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How to Take Full Advantage of Squash Drills

When training, many players do drills without any concise objective in mind. Players tend to “rinse and repeat” a drill without focusing on important things such as footwork or shot accuracy. Whenever a player is about to start a drill, they should always have an objective in mind, concentrate on it, and works towards as they do the exercise. This is very important since it will help the player develop better muscle memory as well as improve their game more significantly.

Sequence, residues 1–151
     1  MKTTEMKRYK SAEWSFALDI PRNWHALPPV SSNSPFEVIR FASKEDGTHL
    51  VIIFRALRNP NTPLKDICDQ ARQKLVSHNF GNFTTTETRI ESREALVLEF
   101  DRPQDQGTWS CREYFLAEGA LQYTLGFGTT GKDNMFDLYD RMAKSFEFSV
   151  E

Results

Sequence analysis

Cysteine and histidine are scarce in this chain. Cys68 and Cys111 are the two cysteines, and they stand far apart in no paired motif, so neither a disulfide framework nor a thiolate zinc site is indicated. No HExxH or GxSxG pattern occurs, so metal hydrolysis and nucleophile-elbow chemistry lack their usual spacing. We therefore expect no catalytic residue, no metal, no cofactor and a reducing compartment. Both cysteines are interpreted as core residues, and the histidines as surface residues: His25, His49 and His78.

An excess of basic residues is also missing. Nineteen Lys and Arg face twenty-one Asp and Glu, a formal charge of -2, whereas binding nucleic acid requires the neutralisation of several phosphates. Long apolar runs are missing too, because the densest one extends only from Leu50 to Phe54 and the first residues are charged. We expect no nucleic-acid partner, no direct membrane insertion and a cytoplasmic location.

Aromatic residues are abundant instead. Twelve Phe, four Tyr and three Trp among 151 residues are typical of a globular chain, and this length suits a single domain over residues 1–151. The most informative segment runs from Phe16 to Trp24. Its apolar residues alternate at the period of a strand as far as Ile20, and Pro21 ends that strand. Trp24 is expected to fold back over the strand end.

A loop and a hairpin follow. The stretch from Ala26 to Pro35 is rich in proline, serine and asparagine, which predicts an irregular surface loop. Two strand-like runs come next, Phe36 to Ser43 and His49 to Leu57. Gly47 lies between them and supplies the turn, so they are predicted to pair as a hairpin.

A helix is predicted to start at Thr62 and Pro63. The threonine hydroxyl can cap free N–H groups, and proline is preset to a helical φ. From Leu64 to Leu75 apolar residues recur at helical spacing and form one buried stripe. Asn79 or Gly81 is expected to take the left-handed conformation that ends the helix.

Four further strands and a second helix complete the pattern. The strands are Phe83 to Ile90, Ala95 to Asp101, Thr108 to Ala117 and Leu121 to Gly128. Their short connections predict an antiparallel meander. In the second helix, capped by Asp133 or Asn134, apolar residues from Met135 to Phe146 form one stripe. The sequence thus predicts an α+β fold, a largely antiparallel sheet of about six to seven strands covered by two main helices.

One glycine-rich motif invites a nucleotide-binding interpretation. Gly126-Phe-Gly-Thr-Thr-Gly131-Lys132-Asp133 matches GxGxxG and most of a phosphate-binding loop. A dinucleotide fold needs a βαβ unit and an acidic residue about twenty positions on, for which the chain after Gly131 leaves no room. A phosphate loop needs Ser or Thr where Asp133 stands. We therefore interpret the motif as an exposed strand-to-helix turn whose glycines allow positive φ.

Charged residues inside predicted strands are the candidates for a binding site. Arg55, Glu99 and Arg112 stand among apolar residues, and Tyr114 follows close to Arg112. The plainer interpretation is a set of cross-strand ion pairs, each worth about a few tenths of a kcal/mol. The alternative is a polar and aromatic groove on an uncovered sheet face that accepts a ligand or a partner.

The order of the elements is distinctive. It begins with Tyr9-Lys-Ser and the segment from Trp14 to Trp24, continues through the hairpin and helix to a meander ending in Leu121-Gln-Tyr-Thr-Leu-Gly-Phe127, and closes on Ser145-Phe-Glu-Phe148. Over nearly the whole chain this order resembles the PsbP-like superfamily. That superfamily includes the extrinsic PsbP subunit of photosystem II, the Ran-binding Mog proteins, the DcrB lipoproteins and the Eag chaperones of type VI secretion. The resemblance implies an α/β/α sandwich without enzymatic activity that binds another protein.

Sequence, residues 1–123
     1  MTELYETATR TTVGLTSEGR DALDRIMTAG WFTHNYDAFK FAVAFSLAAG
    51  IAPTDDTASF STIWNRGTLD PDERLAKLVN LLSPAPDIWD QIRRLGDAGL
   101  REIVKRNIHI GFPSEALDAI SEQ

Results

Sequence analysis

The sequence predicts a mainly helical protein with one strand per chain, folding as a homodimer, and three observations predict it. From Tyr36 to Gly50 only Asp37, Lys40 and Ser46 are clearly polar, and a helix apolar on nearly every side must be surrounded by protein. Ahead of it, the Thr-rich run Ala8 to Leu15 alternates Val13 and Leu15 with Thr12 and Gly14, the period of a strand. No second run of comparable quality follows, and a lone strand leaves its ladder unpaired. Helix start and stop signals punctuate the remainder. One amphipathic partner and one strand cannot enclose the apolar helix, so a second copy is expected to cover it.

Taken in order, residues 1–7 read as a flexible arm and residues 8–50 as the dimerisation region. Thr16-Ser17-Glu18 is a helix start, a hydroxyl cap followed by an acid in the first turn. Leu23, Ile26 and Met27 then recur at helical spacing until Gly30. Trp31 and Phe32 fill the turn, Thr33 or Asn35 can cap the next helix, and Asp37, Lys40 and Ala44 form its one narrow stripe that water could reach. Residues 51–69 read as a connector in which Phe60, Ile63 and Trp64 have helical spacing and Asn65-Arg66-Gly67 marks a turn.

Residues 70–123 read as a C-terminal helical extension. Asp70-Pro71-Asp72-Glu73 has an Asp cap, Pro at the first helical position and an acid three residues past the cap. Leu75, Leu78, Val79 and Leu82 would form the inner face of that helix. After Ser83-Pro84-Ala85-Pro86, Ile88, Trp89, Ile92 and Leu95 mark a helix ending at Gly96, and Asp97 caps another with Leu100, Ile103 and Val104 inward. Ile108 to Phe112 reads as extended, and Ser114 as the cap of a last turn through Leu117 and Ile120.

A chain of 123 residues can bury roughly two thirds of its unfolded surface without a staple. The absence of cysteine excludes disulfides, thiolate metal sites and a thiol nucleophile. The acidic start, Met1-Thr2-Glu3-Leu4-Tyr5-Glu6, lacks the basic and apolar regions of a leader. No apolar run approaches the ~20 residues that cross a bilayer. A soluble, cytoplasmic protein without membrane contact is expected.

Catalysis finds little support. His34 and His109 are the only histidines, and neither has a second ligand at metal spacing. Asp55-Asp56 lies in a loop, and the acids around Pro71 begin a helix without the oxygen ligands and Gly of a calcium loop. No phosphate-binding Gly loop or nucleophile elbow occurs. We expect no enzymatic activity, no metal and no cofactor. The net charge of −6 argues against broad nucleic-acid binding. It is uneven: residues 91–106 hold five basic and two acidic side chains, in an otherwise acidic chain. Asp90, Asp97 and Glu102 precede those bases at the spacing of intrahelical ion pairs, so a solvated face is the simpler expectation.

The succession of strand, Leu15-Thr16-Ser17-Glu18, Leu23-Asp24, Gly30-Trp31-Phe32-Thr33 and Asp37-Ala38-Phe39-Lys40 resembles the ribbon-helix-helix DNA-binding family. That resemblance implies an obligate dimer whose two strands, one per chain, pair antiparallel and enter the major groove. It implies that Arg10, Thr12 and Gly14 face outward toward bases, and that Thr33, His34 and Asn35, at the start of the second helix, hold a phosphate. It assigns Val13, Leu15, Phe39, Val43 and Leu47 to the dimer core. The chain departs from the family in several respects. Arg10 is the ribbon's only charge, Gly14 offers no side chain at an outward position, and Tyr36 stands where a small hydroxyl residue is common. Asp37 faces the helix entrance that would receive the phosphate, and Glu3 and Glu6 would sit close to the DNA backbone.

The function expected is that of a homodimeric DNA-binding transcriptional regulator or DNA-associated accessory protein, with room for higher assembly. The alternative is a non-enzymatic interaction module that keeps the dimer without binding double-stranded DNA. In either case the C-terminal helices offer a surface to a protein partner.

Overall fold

During any drill a player should always be aware of where they are situated on court, as well as where they want to hit the ball. If a drill requires to move between different areas of the court, the player currently doing it should always rotate back to the ‘T’. Many players ignore this since they know where the ball is going to go during the drill; for example, if two players are doing a boast-drive drill, both players might move from corner to corner (front and back, respectively) instead of going back to the ‘T’ after every shot. Furthermore, on any drill that focuses on rotation around the court, e.g. boast-drive, players should also concentrate on hitting good shots and not just hitting the ball back. Both of these things are important for various reasons, such as: improving muscle memory, accuracy, position awareness, and rotation to the ‘T’. But most importantly, applying this will help much more in real match situations since the players are essentially simulating the shots and movements they want to perform on court.